Politics & Government

Guttmacher analysis says Kansas abortion laws ‘flout the science’

Abortion opponents and abortion-rights supporters engage in a public protest at Central and Rock Road.
Abortion opponents and abortion-rights supporters engage in a public protest at Central and Rock Road. File photo

A national research and policy institute that advocates for sexual and reproductive health, including access to abortions, has issued a new analysis saying that at least 10 categories of abortion restrictions “lack a foundation in rigorous scientific evidence.”

Kansas and Texas top the institute’s list of states that have such restrictions. Oklahoma is among the states vying for second place.

“Most importantly, these restrictions needlessly impose real barriers and harm to the over 1 million women of reproductive age in Kansas and Oklahoma,” said Elizabeth Nash, one of the authors of the study, in a media conference call Tuesday.

The Guttmacher analysis, “Flouting the Facts: State Abortion Restrictions Flying in the Face of Science,” was published Tuesday.

“The one truly irrefutable scientific fact in the abortion debate is the humanity of the unborn child; if they come up with a scientific report proving that wrong, we’re all ears,” Mary Kay Culp, executive director of Kansans for Life, said in a written statement responding to the analysis.

Kansas has eight laws that the Guttmacher Institute rated as conflicting with scientific evidence, including barring telemedicine to administer medication abortion and allowing only physicians to provide abortions.

Others require women to receive counseling or wait a mandatory period of time before receiving an abortion. One bans abortion 20 weeks post-fertilization based on the belief that the fetus can feel pain.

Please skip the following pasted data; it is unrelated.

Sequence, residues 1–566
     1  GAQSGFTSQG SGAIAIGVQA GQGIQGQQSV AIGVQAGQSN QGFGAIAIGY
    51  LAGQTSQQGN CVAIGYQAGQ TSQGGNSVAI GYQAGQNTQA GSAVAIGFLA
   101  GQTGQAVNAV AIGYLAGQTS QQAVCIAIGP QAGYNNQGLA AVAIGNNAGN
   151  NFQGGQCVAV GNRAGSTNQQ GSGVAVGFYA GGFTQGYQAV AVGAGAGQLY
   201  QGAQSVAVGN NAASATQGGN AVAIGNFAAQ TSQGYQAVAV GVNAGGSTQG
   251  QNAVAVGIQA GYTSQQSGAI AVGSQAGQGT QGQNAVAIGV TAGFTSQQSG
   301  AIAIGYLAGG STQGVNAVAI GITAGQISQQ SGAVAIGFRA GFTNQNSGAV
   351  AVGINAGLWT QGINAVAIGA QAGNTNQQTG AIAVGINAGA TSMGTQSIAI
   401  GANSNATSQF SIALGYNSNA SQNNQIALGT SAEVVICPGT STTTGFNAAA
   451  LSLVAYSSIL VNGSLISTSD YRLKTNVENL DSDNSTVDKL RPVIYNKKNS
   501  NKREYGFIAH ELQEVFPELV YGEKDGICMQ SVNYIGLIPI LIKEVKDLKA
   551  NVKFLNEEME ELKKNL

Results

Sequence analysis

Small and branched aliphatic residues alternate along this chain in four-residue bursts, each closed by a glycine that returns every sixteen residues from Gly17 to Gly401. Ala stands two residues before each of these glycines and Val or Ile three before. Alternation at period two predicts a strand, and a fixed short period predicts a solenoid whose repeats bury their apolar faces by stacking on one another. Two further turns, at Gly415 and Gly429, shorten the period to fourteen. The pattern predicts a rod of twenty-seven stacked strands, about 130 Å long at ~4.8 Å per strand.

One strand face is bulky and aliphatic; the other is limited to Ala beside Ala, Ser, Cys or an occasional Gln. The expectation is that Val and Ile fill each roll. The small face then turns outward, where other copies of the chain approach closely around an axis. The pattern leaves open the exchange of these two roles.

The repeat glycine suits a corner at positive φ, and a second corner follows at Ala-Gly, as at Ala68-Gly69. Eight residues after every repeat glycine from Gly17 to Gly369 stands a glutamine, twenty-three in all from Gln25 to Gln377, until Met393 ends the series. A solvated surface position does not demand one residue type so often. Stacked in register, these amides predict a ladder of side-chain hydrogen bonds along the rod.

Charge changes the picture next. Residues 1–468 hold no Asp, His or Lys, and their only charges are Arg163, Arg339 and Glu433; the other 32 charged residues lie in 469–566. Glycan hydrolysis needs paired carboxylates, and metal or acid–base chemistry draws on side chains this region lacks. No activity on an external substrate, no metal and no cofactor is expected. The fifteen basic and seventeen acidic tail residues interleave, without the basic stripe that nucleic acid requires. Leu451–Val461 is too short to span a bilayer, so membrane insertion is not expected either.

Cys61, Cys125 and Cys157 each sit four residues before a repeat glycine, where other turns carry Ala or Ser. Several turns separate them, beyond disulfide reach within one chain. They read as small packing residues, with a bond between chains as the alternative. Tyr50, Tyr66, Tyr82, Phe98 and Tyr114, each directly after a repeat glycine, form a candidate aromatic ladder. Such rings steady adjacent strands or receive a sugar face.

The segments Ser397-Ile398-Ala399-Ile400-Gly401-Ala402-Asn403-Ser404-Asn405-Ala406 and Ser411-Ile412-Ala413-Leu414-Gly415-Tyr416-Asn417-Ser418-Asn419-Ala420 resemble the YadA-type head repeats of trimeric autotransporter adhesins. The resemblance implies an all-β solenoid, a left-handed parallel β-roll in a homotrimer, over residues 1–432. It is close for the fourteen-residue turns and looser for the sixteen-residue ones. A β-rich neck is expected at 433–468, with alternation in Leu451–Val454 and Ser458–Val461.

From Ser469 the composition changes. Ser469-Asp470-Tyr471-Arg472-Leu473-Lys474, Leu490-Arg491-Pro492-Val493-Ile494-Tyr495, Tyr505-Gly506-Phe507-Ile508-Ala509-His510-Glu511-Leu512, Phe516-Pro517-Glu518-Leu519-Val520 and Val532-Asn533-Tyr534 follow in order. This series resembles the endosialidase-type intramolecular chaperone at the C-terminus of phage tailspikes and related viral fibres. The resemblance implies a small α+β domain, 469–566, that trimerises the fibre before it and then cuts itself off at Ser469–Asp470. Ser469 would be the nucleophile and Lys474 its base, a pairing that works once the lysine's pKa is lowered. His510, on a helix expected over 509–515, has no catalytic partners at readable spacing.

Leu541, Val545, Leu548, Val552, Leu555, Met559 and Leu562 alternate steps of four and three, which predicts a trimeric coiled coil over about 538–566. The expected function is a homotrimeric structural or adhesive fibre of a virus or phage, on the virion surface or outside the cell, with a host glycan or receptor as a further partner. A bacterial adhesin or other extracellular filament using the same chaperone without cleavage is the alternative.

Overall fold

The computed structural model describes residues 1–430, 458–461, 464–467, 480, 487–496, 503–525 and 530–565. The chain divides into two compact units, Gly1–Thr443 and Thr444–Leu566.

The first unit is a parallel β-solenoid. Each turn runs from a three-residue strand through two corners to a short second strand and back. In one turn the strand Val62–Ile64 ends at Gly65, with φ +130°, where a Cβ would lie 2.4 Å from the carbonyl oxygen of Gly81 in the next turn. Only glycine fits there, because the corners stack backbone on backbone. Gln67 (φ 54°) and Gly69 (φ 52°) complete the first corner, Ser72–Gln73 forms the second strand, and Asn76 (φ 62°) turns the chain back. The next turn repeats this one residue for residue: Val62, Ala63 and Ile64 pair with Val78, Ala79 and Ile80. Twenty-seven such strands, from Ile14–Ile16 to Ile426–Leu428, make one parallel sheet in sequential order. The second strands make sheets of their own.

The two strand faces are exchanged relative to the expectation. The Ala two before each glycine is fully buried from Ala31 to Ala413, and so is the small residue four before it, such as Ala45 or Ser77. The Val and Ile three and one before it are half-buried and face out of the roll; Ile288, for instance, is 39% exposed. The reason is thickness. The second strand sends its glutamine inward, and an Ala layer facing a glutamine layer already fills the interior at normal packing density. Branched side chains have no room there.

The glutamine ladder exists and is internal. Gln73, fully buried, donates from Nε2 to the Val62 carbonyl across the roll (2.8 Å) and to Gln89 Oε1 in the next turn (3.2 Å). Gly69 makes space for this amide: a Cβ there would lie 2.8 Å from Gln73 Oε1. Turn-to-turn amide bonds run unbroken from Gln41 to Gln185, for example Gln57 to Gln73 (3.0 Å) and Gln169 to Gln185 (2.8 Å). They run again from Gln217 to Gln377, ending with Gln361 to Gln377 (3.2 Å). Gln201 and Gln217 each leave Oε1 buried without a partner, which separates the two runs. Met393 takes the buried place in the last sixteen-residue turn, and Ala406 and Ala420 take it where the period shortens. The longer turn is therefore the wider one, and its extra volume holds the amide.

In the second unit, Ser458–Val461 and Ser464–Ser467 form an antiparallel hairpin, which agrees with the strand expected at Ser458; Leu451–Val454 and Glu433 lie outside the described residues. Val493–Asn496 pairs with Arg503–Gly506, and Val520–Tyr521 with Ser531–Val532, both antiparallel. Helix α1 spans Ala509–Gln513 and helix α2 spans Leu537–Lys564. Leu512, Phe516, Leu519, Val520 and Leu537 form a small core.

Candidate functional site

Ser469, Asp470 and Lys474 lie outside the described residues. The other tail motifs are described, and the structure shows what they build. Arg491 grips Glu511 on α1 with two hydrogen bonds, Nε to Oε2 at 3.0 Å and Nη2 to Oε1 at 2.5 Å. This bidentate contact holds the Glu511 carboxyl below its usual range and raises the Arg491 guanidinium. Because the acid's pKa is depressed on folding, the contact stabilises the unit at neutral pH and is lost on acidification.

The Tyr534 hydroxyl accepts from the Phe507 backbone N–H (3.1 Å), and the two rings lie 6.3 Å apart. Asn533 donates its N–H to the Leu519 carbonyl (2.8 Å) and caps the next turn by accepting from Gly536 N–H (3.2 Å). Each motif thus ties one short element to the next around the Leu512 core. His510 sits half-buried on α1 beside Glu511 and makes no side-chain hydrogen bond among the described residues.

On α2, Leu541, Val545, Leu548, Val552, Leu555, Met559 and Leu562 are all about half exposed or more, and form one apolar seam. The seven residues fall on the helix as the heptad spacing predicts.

Two restrictions in Kansas are blocked by court order. One would require abortion clinics to meet standards equivalent to those in place for ambulatory surgical centers, while the other would require the abortion provider to have admitting privileges at a hospital.

Kansans for Life also wrote that Kansans have overwhelmingly supported laws passed by the Legislature.

“The PR problem the abortion industry faces is the increased pro-life convictions of the voting public, which has strongly elected pro-life legislators, the majority of all sitting governors and the new Trump administration,” Kansans for Life wrote.

Julie Burkhart, founder and CEO of Trust Women, said these restrictions can push women to seek other types of abortion procedures or force them to leave the state for care, increasing costs and other burdens.

Trust Women South Wind Women’s Center is the only clinic to offer medication and surgical abortion in Wichita as well as Oklahoma City. Oklahoma had seven of the 10 restrictions.

“What we really need alternatively are policies that will improve people’s lives instead of creating insurmountable roadblocks,” Burkhart said.

The only other state with restrictions in eight of the 10 categories was Texas. Altogether, 17 states had at least five types of restrictions. The most common law allows only licensed physicians to perform abortions.

Katherine Burgess: 316-268-6400, @KathsBurgess

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